Any military vehicle is, almost by definition, going to be a high maintenance item. Sealed bearings and gaskets that don’t degrade if you look at them wrong are for pussies, apparently. If they sit for any length of time, shit just breaks. This is one problem we’re especially familiar with in the Guard. Our launchers get rolled out once a month, and we can expect, with some degree of certainty, that something new will be fucked up when we go out into the field. At that’s just on the vehicle itself. The launcher part of the vehicle is even more complex, and just about anything major that goes wrong with it means a trip to the shop.
This thing doesn’t have one launcher that’ll almost inevitably go tits up at the worst possible moment. It has four.
And good luck trying to reload the thing in a timely manner. Reloading just one HIMARS is a tedious, time consuming process that takes a great deal of coordination between the crew. This thing doesn’t have one launcher with one pod. It has four, and each launcher has three pods. By my math, a full reload will take somewhere between two to four years, assuming nothing goes wrong. And, since we’ve already discussed the part about them being huge targets of opportunity, we can safely assume that something will go wrong. Probably several somethings, shaped like incoming fire.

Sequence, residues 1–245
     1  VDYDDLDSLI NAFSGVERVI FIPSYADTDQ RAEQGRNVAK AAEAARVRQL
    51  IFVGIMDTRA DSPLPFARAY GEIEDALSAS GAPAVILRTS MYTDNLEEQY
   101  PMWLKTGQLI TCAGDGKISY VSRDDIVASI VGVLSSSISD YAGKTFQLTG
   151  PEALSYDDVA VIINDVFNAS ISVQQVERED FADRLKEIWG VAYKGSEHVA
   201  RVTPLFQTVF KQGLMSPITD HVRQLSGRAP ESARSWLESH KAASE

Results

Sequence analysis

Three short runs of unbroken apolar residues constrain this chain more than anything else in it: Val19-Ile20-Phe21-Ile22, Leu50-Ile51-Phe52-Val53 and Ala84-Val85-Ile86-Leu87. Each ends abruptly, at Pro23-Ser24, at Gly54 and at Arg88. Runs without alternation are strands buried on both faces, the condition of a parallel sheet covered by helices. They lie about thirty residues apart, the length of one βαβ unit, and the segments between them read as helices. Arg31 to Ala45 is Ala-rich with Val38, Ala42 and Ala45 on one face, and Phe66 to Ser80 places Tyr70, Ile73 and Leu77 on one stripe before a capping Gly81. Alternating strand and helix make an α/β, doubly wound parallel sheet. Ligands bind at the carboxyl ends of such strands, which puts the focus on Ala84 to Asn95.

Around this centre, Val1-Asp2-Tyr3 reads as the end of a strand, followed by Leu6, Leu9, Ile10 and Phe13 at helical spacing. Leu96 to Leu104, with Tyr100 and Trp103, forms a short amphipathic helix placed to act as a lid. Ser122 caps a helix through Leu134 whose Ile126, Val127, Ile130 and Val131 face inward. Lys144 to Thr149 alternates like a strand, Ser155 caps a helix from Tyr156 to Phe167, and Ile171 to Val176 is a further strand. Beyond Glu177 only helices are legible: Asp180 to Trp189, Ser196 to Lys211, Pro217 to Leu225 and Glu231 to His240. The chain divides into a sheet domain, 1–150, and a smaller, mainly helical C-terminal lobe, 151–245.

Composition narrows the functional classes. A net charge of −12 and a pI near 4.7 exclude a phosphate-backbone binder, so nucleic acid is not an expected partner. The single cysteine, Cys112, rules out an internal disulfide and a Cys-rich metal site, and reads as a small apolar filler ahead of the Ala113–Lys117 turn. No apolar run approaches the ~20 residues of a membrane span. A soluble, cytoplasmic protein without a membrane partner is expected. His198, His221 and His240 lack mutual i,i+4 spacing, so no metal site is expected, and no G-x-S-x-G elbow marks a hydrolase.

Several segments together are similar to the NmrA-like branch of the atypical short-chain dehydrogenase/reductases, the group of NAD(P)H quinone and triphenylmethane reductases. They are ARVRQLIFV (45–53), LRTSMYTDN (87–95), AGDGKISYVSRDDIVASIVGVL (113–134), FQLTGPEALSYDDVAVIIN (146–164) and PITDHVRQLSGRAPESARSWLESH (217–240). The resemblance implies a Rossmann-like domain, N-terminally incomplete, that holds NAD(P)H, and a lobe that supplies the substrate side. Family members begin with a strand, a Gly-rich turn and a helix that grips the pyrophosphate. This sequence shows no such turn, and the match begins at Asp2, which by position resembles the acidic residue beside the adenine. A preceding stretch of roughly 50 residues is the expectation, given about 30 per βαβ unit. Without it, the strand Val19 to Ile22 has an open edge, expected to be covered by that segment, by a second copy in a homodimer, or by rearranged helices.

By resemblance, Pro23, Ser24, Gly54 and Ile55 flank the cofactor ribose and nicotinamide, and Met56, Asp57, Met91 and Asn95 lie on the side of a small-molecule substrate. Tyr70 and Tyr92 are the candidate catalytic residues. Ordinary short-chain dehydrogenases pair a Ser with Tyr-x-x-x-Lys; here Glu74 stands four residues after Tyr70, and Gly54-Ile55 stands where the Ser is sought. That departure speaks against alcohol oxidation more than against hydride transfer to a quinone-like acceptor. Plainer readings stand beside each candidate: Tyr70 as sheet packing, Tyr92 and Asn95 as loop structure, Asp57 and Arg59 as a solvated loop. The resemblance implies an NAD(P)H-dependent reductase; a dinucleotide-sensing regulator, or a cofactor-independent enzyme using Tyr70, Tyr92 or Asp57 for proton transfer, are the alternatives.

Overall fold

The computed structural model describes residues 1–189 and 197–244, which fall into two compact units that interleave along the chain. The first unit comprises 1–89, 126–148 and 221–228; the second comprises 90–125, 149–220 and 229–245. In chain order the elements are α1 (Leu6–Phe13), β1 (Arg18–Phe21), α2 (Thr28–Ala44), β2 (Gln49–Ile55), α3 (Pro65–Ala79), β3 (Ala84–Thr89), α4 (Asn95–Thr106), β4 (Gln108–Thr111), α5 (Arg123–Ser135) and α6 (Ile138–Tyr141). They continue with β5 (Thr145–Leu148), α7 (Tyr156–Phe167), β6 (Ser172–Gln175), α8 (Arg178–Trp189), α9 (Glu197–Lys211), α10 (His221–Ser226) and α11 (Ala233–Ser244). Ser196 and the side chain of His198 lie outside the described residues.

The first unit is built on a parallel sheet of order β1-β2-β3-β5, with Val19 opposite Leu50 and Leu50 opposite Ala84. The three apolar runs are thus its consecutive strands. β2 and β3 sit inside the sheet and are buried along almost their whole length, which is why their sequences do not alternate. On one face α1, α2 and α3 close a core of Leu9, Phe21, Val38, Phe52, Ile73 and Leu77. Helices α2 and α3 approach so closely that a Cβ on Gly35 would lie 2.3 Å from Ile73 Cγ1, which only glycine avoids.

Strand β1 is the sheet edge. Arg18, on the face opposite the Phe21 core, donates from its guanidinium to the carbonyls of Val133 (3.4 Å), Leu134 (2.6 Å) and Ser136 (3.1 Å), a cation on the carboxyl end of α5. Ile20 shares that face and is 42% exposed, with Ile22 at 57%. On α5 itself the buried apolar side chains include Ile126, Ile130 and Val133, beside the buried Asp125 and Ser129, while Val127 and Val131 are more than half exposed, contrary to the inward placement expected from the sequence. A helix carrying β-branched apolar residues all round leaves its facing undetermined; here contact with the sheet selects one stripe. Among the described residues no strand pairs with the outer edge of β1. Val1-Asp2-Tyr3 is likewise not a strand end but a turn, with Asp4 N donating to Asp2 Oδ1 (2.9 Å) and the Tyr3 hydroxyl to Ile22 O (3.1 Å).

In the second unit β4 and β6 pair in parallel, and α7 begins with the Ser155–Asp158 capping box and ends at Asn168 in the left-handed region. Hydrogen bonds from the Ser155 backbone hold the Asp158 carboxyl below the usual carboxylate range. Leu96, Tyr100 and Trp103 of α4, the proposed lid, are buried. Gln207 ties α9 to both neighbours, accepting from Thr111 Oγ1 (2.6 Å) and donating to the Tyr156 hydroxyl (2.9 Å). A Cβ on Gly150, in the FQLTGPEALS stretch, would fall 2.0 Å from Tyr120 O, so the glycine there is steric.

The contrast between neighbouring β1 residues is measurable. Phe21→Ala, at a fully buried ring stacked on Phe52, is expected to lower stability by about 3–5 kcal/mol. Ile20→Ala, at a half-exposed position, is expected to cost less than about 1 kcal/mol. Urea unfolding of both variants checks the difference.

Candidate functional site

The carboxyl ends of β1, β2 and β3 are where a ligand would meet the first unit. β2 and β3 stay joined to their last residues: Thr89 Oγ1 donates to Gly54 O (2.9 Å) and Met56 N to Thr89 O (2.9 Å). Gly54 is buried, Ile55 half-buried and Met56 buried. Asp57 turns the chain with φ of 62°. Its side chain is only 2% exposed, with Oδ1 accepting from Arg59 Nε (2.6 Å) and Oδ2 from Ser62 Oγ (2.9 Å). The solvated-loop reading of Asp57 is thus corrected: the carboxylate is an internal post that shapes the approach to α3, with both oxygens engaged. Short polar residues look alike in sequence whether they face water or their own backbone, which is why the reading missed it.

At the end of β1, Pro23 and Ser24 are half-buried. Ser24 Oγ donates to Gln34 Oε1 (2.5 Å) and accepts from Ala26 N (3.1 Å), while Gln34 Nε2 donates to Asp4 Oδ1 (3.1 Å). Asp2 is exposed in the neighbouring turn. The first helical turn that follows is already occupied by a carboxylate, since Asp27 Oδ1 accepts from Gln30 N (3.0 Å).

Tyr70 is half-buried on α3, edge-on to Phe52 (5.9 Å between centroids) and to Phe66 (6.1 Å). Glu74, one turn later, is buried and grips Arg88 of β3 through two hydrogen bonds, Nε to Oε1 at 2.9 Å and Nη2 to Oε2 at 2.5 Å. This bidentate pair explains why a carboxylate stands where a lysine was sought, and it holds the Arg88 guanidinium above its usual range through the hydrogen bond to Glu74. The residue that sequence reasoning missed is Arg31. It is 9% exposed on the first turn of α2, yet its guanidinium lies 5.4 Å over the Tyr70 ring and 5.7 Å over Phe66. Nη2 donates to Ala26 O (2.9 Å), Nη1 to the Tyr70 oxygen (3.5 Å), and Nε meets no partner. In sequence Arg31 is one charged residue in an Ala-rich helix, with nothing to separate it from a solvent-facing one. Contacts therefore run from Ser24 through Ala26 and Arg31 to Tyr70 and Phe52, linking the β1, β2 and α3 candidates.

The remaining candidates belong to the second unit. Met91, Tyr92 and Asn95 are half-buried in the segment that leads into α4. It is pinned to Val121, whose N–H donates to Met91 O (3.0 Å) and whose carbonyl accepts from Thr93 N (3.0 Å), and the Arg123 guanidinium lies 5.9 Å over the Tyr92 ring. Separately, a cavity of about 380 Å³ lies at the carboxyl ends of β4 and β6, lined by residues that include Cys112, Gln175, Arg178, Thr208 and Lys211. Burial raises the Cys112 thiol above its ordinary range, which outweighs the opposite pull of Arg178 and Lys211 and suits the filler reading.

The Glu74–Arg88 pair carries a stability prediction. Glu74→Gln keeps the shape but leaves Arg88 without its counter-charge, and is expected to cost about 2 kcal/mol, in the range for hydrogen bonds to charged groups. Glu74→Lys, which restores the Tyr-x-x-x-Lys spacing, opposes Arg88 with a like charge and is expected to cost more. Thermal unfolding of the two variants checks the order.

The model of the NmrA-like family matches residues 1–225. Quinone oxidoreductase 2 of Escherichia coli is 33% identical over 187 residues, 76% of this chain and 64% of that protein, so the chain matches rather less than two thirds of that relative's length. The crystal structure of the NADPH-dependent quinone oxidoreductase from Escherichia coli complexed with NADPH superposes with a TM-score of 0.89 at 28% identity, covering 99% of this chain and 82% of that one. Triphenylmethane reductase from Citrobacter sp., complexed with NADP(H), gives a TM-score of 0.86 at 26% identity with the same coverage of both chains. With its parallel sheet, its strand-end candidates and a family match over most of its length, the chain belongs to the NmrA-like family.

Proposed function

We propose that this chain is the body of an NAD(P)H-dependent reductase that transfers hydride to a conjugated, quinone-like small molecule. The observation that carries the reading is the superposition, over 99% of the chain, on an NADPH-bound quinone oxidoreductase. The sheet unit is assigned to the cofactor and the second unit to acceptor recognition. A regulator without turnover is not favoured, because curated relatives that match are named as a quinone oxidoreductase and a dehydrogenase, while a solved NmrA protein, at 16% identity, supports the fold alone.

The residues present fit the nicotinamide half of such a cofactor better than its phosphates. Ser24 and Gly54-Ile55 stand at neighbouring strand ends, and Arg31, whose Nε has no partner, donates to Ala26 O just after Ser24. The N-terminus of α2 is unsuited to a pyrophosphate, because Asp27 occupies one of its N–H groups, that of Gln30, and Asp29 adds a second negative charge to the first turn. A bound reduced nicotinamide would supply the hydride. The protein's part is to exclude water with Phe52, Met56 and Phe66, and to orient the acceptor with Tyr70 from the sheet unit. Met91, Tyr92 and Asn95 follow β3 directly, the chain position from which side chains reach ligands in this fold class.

I really could go on for ages, but we don’t have time and if our editor rolls his eyes any harder at my artillerant, his retinas will detach. So I’ll note that, at this time, no one is currently planning on buying the MCL. Certainly the US has no plans to field it, and hopefully no one else will, either. Which is a good thing, because in its current form, it’s worse than useless. It’s the Good Idea Fairy in artillery mode. They say that God fights on the side with the best artillery. If that’s true, any country that tries to use this thing might as well convert to atheism, because no deity worth the title is going to have anything to do with this great big blob of stupid.